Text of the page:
A More Light Congregation

Bethany Presbyterian Church


There's this store in my old neighborhood called Stan's Kitchen.  It's really just the kitchen section of the Ace Hardware next door.  I love everything about it.  I love all the stuff in it.  I go in there a lot and find many things I must have.  I would like to try not buy them because I really don't know my way around a kitchen very well.  All those shiny appliances are so cool, but I don't know how to use them.  I'm positive that if I just had a soda stream at home, I'd stop drinking diet coke.  All those cute little thingies, are so great, but I don't know what to do with them.  

A related story is that my mom and I love thrift stores.  We used to go every Saturday as part of a routine that included the food bank where I worked.  Each time we go, we see all the things others have given away and it reminds us that we both really should go through our respective places and get rid of some stuff.

The reason these stories are related is that if I do buy those cute thingies from Stan's Kitchen, they often end up at the thrift store.  So here's what mom and I do now.  We go the thrift store, wander around, find some bargains, and then show it to the other person and say “Isn't this great?!  Isn't this cool?!  Oh, perfect!”  And here's the key to our new behavior: then we set it back down.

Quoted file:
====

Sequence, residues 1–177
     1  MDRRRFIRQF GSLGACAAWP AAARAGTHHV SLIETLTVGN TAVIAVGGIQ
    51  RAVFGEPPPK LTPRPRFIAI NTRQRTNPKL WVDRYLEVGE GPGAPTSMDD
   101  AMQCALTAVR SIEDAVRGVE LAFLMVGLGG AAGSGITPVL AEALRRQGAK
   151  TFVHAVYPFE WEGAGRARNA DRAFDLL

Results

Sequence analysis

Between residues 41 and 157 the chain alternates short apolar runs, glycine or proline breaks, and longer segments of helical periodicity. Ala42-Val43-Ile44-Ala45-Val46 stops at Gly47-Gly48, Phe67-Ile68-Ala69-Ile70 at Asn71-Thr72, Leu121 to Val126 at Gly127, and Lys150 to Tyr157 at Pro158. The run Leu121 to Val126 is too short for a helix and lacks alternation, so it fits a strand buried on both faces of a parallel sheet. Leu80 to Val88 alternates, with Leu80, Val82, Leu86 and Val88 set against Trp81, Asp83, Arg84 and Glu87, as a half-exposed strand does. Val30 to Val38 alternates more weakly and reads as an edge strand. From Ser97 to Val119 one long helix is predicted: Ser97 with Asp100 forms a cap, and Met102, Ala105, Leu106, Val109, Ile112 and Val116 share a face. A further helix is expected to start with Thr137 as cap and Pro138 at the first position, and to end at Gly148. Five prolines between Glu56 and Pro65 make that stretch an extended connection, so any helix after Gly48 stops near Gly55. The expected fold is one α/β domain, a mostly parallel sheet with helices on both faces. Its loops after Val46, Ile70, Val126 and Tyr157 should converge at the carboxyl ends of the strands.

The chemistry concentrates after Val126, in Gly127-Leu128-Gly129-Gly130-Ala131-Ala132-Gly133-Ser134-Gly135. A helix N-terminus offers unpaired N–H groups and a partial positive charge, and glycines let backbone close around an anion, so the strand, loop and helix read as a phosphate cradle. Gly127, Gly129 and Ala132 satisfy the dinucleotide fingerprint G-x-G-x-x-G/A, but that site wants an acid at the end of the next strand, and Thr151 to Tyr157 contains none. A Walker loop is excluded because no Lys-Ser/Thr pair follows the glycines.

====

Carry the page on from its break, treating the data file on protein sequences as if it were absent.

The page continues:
We found that oddly satisfying.  It turns out that really we just wanted the other person to have the same experience that we had.  We didn't need to have the thing at home to have the experience.  The experience of just showing it and sharing the admiration or silly joy was the same as purchasing it, showing it and sharing the admiration or silly joy; without spending money or taking it to goodwill again a year later.  I can report success with our new pattern by sharing with you that the last time I went to Stan's Kitchen I didn't buy the spoon rest for your stove top, that says “This stove is for display purposes only.”  But I told mom about it and we laughed together.  I want her to have what I have.  Not the spoon rest – what I wanted her to have was the same feeling it gave me – a silly moment to laugh about.  It represents a relationship between her and me.

When I post the 20th picture of my cat doing the same cute thing over and over again on facebook, what I want to share is the smile on my face because of the cat.  I want you to have what I have.  Not the cat – I want my friends to have what the picture gave to me – a chance to smile.  It represents a relationship between my cat and me.